The latest issue of Dialogue considers the new leadership mentality: to be a whole human
Leaders are confronted by increasing numbers of complex, seemingly intractable problems. The frailties of many of our global systems are becoming more apparent. The pandemic ruthlessly exposed economic vulnerabilities when it brought parts of the global economy juddering to a halt – and we’re still living with the aftershocks. There are growing concerns about the frailty of food supply chains in the face of geopolitical tensions, war and climate change.
How successfully the world responds to these challenges will, in part, be determined by commercial organizations. As Duke CE’s chief executive Sharmla Chetty points out in her column, enlightened business self-interest can create virtuous cycles that deliver social and environmental benefits. The role of business in a world shaped by ESG will be our focus in the next issue of Dialogue – but in this issue, we dive down to the individual, personal level.
A discussion about personal capabilities and the contribution made by individuals at work may seem rather far removed from the systemic, global challenges in front of us. But that would overlook the potential that is in realizing a more fully human way of leading. After all, organizations are, at heart, the sum of the endeavours of the people who work in them. They need our full creativity, resourcefulness and adaptability. If our organizations are to thrive in the face of the global challenges facing humanity, we will need to bring them our full humanity.
The question, then, is how to cultivate a fully human way of leading. For answers, start with Srini Pillay, who explains that the classic processes of managing an organization tend to activate only a narrow slice of our brains. Many of our most powerful neural networks are left dormant or underutilized. Learning how to tap into their potential is crucial if we want to imagine a different future and build solutions to today’s problems. André Martin considers the much-misunderstood role of inspiration and how it can help us convert creative ideas into world-changing actions. Rasmus Hougaard and Moses Mohan consider another aspect of how we deploy our full humanity at work – through compassion and wisdom – and explain the four skills needed to bring those qualities to life. Justin Bariso examines the importance of another quintessentially human ability, empathy – and explains why leaders should beware its dark side. L Gregory Jones reflects on the importance of curiosity and humility for navigating and reconciling our differences in a fractious world. With the right leadership, a diversity of viewpoints is a source of strength – a point that Michael Canning also makes after an inspiring conversation about life and leadership with Bruce Crawford of Jacobs.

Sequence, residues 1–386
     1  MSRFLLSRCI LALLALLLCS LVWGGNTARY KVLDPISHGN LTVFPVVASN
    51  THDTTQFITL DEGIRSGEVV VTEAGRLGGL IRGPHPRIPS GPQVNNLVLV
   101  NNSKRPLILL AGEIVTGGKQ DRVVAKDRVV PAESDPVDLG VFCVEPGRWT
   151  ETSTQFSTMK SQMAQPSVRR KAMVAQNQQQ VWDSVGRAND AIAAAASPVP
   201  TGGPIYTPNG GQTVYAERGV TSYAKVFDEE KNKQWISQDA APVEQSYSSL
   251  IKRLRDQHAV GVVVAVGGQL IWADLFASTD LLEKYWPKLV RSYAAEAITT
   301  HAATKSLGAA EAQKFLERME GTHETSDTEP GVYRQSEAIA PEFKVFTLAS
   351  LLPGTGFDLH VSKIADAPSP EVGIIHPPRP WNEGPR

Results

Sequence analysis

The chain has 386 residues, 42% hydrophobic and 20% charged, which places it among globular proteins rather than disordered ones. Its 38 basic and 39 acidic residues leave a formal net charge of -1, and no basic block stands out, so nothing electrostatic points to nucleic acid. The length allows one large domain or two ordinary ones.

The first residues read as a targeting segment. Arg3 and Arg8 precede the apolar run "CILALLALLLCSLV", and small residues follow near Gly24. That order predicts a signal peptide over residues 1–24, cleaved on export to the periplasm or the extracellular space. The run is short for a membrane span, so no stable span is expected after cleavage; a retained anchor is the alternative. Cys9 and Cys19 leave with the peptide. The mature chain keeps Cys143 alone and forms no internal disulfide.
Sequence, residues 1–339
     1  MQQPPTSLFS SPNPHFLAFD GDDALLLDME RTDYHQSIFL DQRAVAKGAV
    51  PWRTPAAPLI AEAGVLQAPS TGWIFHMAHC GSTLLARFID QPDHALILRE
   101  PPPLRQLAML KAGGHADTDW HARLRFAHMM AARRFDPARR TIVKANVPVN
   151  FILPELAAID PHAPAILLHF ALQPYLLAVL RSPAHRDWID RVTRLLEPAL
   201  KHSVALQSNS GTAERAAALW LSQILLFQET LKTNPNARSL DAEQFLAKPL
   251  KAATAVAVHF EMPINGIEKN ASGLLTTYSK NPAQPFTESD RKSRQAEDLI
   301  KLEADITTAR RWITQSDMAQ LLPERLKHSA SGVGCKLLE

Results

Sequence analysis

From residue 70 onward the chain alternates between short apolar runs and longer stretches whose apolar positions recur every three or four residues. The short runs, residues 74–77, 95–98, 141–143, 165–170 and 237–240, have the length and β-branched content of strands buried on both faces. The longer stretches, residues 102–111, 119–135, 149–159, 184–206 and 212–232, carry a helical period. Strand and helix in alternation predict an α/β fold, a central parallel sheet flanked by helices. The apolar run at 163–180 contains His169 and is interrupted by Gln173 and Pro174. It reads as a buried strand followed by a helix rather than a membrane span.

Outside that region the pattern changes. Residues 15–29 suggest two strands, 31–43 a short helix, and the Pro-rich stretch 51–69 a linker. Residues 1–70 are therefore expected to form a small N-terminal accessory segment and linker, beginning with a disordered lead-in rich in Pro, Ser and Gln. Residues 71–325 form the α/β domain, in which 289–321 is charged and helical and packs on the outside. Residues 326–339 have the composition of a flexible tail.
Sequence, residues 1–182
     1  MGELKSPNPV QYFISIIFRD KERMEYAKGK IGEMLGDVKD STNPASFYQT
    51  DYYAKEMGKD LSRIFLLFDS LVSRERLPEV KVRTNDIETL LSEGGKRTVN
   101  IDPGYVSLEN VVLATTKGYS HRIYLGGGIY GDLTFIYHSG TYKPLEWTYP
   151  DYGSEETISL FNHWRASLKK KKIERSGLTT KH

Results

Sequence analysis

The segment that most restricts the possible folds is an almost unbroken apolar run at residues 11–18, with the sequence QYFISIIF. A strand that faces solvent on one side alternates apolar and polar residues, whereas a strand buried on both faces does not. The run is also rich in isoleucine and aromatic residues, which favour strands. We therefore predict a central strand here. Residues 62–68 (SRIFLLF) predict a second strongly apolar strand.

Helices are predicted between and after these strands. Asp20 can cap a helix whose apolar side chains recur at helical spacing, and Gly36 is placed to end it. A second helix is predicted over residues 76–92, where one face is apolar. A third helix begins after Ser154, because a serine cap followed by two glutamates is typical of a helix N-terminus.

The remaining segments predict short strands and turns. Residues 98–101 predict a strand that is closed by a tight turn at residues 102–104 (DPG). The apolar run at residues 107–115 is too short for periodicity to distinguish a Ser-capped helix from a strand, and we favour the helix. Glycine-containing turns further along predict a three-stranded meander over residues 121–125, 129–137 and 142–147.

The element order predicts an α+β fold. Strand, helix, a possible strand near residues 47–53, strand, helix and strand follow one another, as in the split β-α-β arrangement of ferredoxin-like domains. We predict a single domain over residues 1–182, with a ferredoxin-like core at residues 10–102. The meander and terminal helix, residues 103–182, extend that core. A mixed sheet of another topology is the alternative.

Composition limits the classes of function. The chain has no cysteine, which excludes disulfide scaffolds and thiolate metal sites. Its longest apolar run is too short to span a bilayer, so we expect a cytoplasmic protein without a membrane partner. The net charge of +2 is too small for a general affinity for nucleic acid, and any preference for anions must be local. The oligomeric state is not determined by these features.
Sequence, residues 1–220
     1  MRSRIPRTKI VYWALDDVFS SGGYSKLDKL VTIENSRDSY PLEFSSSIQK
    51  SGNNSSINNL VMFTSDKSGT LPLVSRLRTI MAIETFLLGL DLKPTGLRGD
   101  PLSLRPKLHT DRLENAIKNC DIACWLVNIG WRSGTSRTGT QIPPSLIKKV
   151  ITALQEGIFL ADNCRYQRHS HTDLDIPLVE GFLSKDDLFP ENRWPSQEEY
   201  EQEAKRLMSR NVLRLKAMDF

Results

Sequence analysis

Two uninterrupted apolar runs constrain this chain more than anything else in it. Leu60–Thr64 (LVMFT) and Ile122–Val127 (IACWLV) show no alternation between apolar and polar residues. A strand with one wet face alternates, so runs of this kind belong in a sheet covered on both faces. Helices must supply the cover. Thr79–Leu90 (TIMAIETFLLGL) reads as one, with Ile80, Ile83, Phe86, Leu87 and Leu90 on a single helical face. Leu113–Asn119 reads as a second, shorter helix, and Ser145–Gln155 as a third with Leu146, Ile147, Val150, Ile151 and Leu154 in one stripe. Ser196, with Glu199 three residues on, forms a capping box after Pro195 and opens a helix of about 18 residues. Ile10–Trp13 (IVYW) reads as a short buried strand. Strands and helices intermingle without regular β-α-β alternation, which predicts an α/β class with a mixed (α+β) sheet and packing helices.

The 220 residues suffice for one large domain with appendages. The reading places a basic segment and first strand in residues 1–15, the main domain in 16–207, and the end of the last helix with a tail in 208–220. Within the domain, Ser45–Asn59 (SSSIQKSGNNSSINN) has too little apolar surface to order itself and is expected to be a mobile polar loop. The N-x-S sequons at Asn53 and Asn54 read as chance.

Elsewhere, Amanda Nimon-Peters sets out nine science-based principles for influencing others and – ethically – getting results. Terence Tse provides a primer on quantum computing and its potential impact on business, while Perry Carpenter explains why people, not technology, are the biggest factor in cybersecurity.
And we share insights from three fascinating leader interviews. Adel Al-Majed reflects on his role at the top of Kuwait-based Boubyan Bank. Julie Duffy of industrial conglomerate Textron tells us how people and culture are integral to her company’s ongoing success, 99 years on from its creation. And Mae Jemison, former astronaut and a lifelong champion of improved educational opportunities, shares inspirational lessons from her incredible career.
Enjoy the issue.